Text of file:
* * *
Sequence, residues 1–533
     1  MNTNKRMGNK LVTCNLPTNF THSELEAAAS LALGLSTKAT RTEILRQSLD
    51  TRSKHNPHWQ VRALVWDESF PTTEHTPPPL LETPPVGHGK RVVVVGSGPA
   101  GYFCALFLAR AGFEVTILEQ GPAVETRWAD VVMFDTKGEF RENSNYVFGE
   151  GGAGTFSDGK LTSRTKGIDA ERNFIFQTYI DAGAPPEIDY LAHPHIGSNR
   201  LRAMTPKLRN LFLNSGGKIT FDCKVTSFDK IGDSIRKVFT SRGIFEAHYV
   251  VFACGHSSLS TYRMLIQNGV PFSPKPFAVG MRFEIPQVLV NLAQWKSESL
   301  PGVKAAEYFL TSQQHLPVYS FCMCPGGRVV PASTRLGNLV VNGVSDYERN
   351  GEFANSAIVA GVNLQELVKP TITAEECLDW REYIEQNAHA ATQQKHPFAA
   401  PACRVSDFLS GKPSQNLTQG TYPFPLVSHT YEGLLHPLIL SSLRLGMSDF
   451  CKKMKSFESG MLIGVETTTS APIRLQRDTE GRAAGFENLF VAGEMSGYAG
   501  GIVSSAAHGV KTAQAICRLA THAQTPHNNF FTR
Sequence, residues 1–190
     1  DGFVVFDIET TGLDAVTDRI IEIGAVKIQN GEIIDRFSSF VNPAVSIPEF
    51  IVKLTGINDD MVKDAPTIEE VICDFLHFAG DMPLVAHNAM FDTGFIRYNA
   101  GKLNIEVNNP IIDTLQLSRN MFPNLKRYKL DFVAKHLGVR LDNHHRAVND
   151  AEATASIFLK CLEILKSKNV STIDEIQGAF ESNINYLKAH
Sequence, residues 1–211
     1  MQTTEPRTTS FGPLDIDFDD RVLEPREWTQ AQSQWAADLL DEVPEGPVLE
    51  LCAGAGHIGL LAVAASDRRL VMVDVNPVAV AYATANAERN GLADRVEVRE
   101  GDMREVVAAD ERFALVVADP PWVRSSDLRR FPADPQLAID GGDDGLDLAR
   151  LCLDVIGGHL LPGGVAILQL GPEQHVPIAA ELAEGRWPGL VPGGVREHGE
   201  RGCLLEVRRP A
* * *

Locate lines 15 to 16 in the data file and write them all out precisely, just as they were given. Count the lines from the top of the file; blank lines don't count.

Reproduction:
    51  IVKLTGINDD MVKDAPTIEE VICDFLHFAG DMPLVAHNAM FDTGFIRYNA
   101  GKLNIEVNNP IIDTLQLSRN MFPNLKRYKL DFVAKHLGVR LDNHHRAVND